Photo Courtesy of Blain Brown: Raely Brown examines an abandoned car she and her father, Blain Brown, came upon during their trip up to West Peak on Mount Graham to enjoy the first snow of the season. The driver was later found suffering from severe frostbite and hypothermia.
By Jon Johnson
MOUNT GRAHAM – Since he was a boy, Blain Brown has had a tradition of heading up the West Peak of Mount Graham the first time it snows for the season. On Thursday, his adherence to that tradition likely saved a man’s life.
“Me and my younger brother, our whole entire lives – even before we were old enough to drive – it didn’t matter if it was day or night, when snow hit Mount Graham on the west end we had to make the first tracks,” Blain said. “We would always take a six-pack of Pepsi and a bag of Doritos and our sleeping bags if it was dark because we got stuck a lot . . . As long as I’ve lived in the Gila Valley, I’ve (always) gone.”
Blain had plenty of work responsibilities to perform on Thursday, but his daughter, Raely Brown, who had school herself, prodded him enough that the pair embarked to go up and enjoy the snow.
On his way up, Blain noticed another vehicle had already started out and he gunned his truck to hurry up and catch whoever was ahead so he could be the “first to make tracks” in the snow near the top. The other vehicle pulled off down a lower road, and Blain and Raely continued their ascent, taking pictures of the winter wonderland as they went.
Then, near the top of West Peak about a quarter-mile before the lookout tower, the Browns came upon a white, Hyundai sedan buried in the snow.
“I got this sick feeling in my stomach and I thought, ‘somebody is in trouble’,” Blain said.
After looking inside the vehicle for an occupant and finding it completely empty, the Browns headed back down to where they had cell phone service and called County Dispatch. Blain had taken pictures of the car, including the license plate, and it came back as being reported stolen. However, a man who had permission to use the car, Edward Griffith, of Pima, was also reported missing since Monday. Edward “Fast Eddie” Griffith was one of the co-stars of the SyFy Channel show “Ghost Mine”, which ran for two seasons in 2013 and was centered around an abandoned mine in the remote woods of Oregon.
With the area around the car being pristine, it was obvious that it was driven there and the driver had left it prior to the snowfall. The owners were contacted and they advised they would attempt to recover the car from the mountain. However, a Graham County Sheriff’s Office deputy decided to see if he could make it up to the vehicle and headed that way.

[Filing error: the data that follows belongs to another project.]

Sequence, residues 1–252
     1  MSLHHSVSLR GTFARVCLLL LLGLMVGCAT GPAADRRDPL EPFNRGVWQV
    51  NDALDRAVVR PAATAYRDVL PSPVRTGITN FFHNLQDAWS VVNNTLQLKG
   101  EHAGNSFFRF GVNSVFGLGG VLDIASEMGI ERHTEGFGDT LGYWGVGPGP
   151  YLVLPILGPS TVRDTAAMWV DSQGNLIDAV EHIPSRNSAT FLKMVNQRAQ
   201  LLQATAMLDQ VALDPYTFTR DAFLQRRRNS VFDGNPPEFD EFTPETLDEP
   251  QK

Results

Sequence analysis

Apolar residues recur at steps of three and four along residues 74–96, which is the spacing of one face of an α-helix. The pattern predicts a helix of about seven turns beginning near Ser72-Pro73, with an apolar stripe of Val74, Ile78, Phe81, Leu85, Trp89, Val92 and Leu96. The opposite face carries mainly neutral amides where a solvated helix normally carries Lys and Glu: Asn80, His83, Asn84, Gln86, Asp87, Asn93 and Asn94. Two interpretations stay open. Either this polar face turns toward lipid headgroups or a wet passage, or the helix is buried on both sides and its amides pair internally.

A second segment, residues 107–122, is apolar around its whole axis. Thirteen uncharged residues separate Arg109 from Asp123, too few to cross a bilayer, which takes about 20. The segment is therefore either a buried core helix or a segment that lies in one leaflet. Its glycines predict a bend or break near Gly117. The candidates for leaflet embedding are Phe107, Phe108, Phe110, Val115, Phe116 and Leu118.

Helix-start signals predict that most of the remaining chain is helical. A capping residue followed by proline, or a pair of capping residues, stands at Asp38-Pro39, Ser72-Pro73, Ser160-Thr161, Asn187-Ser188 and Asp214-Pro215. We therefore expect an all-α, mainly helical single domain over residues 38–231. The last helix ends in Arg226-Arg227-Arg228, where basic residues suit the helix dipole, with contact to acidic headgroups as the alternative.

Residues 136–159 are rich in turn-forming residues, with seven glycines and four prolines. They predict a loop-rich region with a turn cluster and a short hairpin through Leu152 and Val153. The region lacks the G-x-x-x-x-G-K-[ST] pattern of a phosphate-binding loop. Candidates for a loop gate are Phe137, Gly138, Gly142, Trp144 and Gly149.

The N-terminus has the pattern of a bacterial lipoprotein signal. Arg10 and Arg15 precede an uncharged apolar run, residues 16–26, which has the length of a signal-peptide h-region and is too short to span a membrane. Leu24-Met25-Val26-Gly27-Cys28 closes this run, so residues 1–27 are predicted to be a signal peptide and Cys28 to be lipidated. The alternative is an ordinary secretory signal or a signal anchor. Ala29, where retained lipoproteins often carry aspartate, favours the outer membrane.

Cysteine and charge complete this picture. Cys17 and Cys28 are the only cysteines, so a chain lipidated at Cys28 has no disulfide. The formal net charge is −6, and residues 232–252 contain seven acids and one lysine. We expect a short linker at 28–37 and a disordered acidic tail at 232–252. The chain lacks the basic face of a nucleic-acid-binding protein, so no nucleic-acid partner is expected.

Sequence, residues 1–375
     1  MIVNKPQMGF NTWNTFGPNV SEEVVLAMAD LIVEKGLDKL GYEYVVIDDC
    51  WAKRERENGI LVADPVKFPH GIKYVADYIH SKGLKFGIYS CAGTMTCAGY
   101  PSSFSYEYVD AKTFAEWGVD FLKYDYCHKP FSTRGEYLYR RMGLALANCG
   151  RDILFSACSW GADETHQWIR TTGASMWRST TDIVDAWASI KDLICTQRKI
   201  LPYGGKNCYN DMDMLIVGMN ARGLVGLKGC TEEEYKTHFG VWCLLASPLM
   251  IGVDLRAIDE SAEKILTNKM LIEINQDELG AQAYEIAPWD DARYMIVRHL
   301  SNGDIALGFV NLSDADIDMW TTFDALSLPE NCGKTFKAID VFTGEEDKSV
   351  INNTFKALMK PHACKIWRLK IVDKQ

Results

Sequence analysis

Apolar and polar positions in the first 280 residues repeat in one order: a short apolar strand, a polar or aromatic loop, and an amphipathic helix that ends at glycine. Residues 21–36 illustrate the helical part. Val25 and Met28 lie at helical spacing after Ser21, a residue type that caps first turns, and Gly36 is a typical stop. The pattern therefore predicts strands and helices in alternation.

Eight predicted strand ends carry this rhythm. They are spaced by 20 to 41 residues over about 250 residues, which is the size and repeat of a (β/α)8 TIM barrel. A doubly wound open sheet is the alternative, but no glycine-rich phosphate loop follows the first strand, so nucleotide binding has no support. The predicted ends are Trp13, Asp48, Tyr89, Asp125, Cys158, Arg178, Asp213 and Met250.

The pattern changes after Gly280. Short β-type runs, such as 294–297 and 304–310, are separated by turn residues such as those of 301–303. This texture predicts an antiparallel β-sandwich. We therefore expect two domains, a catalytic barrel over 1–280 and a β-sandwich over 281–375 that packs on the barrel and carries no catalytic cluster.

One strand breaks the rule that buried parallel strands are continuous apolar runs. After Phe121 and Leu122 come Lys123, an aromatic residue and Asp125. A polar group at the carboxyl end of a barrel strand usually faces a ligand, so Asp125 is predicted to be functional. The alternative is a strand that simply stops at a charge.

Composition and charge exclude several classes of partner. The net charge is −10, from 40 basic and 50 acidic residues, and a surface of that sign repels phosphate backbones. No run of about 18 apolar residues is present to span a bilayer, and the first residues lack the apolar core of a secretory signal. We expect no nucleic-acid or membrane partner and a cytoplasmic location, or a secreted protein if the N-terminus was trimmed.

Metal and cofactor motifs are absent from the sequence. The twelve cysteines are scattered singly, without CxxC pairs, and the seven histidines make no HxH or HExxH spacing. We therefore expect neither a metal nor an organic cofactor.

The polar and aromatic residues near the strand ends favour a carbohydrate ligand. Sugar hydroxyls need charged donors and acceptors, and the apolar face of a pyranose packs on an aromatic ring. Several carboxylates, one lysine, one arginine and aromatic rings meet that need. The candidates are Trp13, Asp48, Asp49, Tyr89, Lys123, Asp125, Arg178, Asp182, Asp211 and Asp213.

After receiving instruction from Blain about where the car was located, the deputy in his patrol vehicle and a Pima officer in his truck slowly traveled up the snowy, dirt road. Roughly three-quarters up the road, the deputy reported that something off the shoulder caught his eye as not appearing normal just before the Dry Lake Campground. The officers stopped and located Griffith balled up in a fetal position wearing bluejeans and a plastic bag over his chest and back. Griffith didn’t have any shoes on and appeared to have severe frostbite to his hands and feet. He also appeared to be suffering from hypothermia.
Griffith couldn’t talk at first but later advised he had been on the mountain for three days without food or water. He said he drove the car to the point where it could not go any further and decided to walk out but left the road and got lost. He later found the road and was then discovered by law enforcement.
Griffith was placed into the Pima officer’s truck and, since helicopters were not able to fly in the weather, they began to drive him back down the mountain. Part-way down, they met up with a member of the Pima Rescue team, which hopped into the Pima Police truck and attended to Griffith until they met up with Lifeline Ambulance. Griffith was then transported by Lifeline Ambulance to Mt. Graham Regional Medical Center, where he was placed into the Intensive Care Unit in stable condition.
Law enforcement later advised Blain that it appeared that had Griffith been found just two hours later, he likely would have been deceased.
“I started looking at the timeframe and if I would have done this first or if I would have done that first or if I hadn’t driven so fast, change any of that to their two-hour timeline to him surviving and the whole story is different,” Blain said.